Saudi Arabia approves economic plan to end dependence on oil

26 Apr 2016
Financial Nigeria


The Saudi Vision 2030 programme plans to raise non-oil revenue from 163.5 billion riyals ($43.6 billion) in 2015 to 1 trillion riyals ($267 billion) by 2030.

King Salman bin Abdulaziz, King of Saudi Arabia

The Cabinet of the Kingdom of Saudi Arabia, the world’s largest exporter of oil, has approved an ambitious plan to end the country’s dependence on crude oil.

In a televised address on Monday, King Salman bin Abdulaziz, King of Saudi Arabia, announced the Cabinet’s approval of the economic plan, tagged Saudi Vision 2030, calling on his 29 million subjects to work together to ensure its success.

The plan involves the creation of a sovereign wealth fund, with over $2 trillion in assets; the privatization of state-owned companies, including Saudi Aramco, the national oil company; tax increases and subsidy cuts. The package of reforms was planned with benchmark oil prices at $30 per barrel.

The King’s son, Prince Mohammed Bin Salman, gave the details of the reforms in a pre-recorded interview, which aired shortly after the King’s announcement on the state-owned broadcaster. He also held his first news conference with international journalists at a palace event in Riyadh, the nation’s capital.

"We have developed a case of oil addiction in Saudi Arabia," said Prince Mohammed, who is the Deputy Crown Prince and the Minister of Defense. “It has delayed development of other sectors.”

The Saudi Vision 2030 programme plans to raise non-oil revenue from 163.5 billion riyals ($43.6 billion) in 2015 to 600 billion riyals ($160 billion) by 2020 and 1 trillion riyals ($267 billion) by 2030.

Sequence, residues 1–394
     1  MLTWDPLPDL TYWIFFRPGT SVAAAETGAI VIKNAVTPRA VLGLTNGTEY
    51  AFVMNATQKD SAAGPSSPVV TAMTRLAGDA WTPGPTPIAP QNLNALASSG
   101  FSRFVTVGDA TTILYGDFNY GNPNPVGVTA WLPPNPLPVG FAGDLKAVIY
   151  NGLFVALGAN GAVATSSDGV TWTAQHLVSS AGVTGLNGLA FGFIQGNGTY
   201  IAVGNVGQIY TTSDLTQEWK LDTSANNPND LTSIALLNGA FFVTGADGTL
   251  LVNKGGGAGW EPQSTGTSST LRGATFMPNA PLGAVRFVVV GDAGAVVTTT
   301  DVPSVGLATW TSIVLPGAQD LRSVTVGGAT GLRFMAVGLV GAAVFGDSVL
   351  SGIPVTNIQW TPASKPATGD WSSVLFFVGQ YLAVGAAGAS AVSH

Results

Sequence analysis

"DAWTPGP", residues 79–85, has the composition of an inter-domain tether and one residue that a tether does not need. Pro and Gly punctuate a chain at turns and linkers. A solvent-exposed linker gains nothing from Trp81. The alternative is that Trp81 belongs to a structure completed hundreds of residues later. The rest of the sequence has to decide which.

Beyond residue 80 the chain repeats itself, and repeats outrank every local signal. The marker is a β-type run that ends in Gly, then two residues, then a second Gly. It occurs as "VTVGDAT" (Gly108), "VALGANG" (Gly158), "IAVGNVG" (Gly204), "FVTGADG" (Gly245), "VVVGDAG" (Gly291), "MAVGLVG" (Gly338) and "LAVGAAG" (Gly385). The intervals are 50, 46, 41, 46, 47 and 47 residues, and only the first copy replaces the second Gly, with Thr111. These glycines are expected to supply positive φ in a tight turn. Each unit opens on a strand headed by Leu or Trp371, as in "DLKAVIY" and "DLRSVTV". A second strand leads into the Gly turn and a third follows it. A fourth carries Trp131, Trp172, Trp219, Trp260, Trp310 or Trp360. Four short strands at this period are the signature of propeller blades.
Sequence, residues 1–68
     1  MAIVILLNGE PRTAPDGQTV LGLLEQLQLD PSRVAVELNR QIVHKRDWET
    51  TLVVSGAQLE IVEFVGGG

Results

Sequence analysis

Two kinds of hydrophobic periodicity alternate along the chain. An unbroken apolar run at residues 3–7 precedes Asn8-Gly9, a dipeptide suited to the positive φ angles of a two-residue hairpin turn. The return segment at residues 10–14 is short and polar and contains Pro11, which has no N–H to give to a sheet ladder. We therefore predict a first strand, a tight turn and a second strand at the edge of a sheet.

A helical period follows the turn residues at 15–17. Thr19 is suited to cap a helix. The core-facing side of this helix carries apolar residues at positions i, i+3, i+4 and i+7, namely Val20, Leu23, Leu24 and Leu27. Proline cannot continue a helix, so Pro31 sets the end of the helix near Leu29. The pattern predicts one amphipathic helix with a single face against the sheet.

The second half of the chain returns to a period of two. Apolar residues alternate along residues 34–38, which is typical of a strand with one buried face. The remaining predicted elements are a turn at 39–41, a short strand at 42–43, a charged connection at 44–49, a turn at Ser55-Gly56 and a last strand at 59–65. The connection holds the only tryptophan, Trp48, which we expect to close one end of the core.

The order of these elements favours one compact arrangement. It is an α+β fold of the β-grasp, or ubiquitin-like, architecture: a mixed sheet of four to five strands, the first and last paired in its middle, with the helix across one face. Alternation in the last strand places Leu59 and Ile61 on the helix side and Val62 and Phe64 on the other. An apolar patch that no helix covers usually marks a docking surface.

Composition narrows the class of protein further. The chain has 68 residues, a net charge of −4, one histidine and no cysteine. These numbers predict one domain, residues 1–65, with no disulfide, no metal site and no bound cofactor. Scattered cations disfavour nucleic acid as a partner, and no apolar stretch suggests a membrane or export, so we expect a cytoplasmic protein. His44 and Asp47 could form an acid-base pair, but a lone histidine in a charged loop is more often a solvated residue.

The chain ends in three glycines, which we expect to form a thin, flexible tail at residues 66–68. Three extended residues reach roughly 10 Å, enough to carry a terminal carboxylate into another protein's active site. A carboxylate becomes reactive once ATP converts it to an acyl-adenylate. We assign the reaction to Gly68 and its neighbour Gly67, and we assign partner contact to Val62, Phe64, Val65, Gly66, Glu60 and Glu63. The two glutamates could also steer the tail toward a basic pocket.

To achieve this, the 30-year-old prince said the kingdom will sell about 5 percent stake in Saudi Aramco via an initial public offering. The ownership of the company will be transferred to the state’s Public Investment Fund (PIF), which will be bolstered into a sovereign wealth fund for domestic and foreign investments.

Saudi Aramco, the world’s largest oil company, has proven oil reserves of about 268 billion barrels of oil or 16 percent of global oil deposits. The company produces over 10 million barrels of oil per day, rising to 12 million barrels per day at full capacity. Aside from exploration and production assets, Saudi Aramco also has huge refining and petrochemical assets in Saudi Arabia and outside the Kingdom. Oil revenues generated by the national oil company account for 90 percent of the kingdom’s annual budget.

"After the IPO, the Aramco board can take its own decisions. We expect the valuation to be more than $2 trillion. In addition to that, there are other assets that will be added to the fund, and part of it is already added,” said Prince Mohammed, who is also Chairman of the Council of Economic and Development Affairs, the most powerful policy-making institution in Saudi Arabia.

"People used to be unhappy that files and data of Aramco are undeclared, unclear and not transparent. Today, they will be transparent. If Aramco gets IPO-ed, that means it has to announce its statements of accounts.”

The prince said the listing and addition of Aramco and its subsidiary companies to the PIF will transform it into “a global investment fund with a size of up to $3 trillion dollars.”

Under the Vision 2030, Saudi Arabia will modernize its education curriculum, moving away from strict religious teachings to preparing students for a modern economy.

The plan also seeks to increase women’s participation in the labour force from 22 percent to 30 percent by 2030, raise the share of small and medium-scale enterprises from 20 percent of GDP to 35 percent, and reduce unemployment from 11.6 percent to 7 percent.

Rules that impede foreign investment will be eased and a “green card” system will be launched in five years to allow expatriate Arabs and Muslims to live and work long-term in Saudi Arabia. Tourism – apart from the annual hajj pilgrimage – and mining will be enhanced to raise more revenues.

A holding company for military industries will be set up to assemble half of the country’s defense equipment internally, Prince Mohammed said.

"I think by 2020, if oil stops, we can survive," Prince Mohammed said. "We need it, we need it, but I think in 2020, we can live without oil."

After the reforms were announced on Monday, the Tadawul All Share Index – the main index of the Saudi stock market – rose 2.5 percent, the highest increase in eight months.

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